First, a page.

The complaint does not contain any factual allegations suggesting that Deborah and Rocco Salerno were acting under color of state law in connection with Plaintiff's February 16, 2012 arrest at the Greenburgh town hall. The complaint alleges, rather, that the Salernos were private parties who reported the town hall incident to the police. The Salernos therefore move to dismiss the false arrest claim against them for lack of well-pleaded state action. See San Filippo v. U.S. Trust, 737 F.2d 246, 256 (2d Cir. 1984) ("a private party giving testimony is not acting under color of state law'"). Their motion is granted on that basis.

The Salernos also argue that Plaintiff concedes that he slapped Deborah Salerno, and further concedes that probable cause to arrest Plaintiff existed, insofar as the complaint compares such probable cause to the probable cause that existed to arrest Deborah Salerno. A concession regarding probable cause to arrest Plaintiff would undercut the false arrest claim as well. Curly v. Village of Suffferen, 268 F.3d 65, 70 (2d Cir. 2001) ("no federal civil rights claim for false arrest can exist where the arresting officer had probable cause"). On a motion to dismiss, however, the Court must draw reasonable inferences in Plaintiff's favor, and, as noted, pleadings from pro se litigants are construed leniently. Boddie v. Schieder, 105 F.3d 857, 860 (2d Cir. 1997). Generously read, the complaint asserts, at least in the first instance, an absence of probable cause to arrest Plaintiff for assault. See, e.g., Compl. ¶ 2 ("I was defending myself and my wife...."). This contention raises factual questions about what exactly transpired at town hall which are inappropriate for resolution on a motion to dismiss. The Court thus declines to grant the Salerno's motion on grounds that the allegations concede the existence of probable cause.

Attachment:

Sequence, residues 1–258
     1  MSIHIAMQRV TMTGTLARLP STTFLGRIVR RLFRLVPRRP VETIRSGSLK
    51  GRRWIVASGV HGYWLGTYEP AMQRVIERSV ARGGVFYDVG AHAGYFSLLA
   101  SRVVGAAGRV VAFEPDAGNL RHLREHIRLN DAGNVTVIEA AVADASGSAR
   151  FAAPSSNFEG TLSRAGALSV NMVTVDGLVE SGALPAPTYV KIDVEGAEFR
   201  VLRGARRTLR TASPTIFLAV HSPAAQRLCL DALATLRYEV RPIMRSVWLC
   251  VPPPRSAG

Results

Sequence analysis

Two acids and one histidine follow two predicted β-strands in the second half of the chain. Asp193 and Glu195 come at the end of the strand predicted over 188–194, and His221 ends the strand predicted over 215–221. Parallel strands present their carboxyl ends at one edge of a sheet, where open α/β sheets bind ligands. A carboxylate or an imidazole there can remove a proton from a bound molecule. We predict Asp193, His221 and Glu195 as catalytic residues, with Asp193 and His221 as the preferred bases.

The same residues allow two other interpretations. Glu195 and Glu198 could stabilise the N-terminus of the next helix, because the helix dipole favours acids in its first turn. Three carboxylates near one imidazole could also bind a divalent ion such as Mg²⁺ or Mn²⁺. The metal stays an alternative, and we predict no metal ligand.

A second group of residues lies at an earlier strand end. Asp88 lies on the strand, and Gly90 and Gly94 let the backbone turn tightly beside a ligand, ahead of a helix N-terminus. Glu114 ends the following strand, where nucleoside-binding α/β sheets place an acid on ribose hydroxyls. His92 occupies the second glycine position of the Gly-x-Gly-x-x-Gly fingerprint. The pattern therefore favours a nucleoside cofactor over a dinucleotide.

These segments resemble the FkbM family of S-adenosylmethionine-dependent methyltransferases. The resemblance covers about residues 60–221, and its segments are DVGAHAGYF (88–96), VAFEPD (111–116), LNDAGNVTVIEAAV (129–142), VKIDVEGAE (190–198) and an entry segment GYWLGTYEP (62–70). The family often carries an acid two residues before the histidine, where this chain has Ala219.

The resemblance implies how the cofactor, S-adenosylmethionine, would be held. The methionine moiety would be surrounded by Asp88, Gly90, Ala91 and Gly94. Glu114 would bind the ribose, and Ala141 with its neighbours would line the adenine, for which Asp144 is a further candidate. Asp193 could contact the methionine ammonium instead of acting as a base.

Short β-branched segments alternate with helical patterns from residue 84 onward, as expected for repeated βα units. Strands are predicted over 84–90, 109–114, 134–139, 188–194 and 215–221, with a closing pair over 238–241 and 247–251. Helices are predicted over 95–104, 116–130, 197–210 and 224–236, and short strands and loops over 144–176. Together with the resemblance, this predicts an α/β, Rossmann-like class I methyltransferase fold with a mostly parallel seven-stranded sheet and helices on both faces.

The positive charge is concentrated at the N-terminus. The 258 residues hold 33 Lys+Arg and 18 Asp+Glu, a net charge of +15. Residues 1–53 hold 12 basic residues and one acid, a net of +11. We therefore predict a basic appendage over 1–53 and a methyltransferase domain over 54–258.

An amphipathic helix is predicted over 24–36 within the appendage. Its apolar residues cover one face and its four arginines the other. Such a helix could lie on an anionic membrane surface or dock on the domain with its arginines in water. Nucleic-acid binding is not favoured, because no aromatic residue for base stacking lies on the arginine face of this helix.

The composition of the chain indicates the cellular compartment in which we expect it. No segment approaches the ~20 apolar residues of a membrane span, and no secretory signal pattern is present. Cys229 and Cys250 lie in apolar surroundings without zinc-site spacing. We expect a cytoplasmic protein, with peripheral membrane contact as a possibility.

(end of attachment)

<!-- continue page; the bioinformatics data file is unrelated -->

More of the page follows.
The Town and officers Herighty and Knoesel do not challenge the state action allegations against them. Nor do they move to dismiss the false arrest claim based on concessions in the complaint regarding probable cause. The Town does not move to dismiss the false arrest claim at all, while Herighty and Knoesel move to dismiss it only in part - they argue that the conspiracy aspect of the claim is barred by the res judicata effect of the voluntary dismissal against ...